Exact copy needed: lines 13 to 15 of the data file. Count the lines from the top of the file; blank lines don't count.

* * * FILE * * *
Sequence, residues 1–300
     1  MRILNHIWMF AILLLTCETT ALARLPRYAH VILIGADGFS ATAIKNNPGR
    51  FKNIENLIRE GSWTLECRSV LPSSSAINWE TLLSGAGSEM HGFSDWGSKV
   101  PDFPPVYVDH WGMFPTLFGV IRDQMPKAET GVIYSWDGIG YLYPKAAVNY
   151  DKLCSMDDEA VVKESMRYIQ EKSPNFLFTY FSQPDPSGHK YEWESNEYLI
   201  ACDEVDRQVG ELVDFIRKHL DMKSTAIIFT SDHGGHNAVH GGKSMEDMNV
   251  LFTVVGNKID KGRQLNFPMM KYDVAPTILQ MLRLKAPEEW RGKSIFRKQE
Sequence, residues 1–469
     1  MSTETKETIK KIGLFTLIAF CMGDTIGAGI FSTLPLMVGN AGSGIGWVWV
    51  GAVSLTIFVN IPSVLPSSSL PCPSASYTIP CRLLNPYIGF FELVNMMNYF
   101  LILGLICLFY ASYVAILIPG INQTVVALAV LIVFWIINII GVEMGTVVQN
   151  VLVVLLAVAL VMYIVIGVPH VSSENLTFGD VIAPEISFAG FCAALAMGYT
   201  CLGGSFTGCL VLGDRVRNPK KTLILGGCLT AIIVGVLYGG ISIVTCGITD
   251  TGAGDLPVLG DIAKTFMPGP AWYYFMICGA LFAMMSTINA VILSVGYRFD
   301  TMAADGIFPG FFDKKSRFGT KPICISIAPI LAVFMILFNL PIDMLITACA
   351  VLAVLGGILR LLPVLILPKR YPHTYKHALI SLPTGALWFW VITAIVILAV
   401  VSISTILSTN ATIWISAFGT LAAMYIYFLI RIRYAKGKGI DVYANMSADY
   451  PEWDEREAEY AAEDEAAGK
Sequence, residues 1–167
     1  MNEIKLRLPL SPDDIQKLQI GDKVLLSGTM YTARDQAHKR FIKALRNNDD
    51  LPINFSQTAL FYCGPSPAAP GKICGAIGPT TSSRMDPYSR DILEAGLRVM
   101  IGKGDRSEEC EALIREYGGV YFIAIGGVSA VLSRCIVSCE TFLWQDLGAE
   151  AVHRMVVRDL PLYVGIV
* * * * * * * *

   201  CLGGSFTGCL VLGDRVRNPK KTLILGGCLT AIIVGVLYGG ISIVTCGITD
   251  TGAGDLPVLG DIAKTFMPGP AWYYFMICGA LFAMMSTINA VILSVGYRFD
   301  TMAADGIFPG FFDKKSRFGT KPICISIAPI LAVFMILFNL PIDMLITACA